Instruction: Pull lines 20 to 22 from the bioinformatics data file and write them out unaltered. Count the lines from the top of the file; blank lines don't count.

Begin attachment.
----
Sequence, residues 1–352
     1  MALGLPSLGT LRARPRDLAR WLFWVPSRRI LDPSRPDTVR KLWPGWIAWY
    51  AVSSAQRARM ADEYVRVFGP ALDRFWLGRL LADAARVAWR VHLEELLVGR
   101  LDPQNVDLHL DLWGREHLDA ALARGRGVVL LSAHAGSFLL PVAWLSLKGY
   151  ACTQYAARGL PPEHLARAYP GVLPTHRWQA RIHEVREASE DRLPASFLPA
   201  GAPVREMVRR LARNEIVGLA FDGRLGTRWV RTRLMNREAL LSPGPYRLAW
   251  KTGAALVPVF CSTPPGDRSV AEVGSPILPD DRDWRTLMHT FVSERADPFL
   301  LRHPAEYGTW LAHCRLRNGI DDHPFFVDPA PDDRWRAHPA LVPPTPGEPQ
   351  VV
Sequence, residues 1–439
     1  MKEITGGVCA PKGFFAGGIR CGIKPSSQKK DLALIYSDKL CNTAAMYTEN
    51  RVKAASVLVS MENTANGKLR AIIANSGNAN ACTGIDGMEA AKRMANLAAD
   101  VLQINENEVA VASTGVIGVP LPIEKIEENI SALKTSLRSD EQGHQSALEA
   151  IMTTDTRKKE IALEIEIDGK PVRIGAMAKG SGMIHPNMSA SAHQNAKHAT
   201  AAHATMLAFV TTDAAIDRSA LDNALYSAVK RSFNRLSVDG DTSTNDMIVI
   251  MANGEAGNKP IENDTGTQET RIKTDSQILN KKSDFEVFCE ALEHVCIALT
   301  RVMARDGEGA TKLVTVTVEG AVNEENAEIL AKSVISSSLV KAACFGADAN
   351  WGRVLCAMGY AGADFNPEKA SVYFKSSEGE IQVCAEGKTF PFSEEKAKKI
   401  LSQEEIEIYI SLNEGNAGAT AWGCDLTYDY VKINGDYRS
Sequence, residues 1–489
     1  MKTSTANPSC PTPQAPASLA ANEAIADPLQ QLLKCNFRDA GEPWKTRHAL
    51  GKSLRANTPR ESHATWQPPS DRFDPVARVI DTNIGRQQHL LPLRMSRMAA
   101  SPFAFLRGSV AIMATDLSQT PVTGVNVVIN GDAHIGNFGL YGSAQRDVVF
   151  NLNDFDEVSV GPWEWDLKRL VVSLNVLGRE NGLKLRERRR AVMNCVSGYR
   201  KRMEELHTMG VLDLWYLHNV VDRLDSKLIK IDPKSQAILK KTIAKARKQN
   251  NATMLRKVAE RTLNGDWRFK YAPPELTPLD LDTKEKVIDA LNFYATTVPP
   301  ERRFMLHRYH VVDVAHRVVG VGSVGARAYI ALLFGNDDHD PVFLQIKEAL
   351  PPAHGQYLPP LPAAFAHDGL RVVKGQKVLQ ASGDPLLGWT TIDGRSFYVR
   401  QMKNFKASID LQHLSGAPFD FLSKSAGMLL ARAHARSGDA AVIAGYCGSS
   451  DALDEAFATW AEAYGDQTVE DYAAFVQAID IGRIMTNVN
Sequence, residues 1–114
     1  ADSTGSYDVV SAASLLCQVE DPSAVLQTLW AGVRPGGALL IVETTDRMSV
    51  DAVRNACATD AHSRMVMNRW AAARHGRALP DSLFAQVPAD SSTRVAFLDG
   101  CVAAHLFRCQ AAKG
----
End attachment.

Sequence, residues 1–489
     1  MKTSTANPSC PTPQAPASLA ANEAIADPLQ QLLKCNFRDA GEPWKTRHAL
    51  GKSLRANTPR ESHATWQPPS DRFDPVARVI DTNIGRQQHL LPLRMSRMAA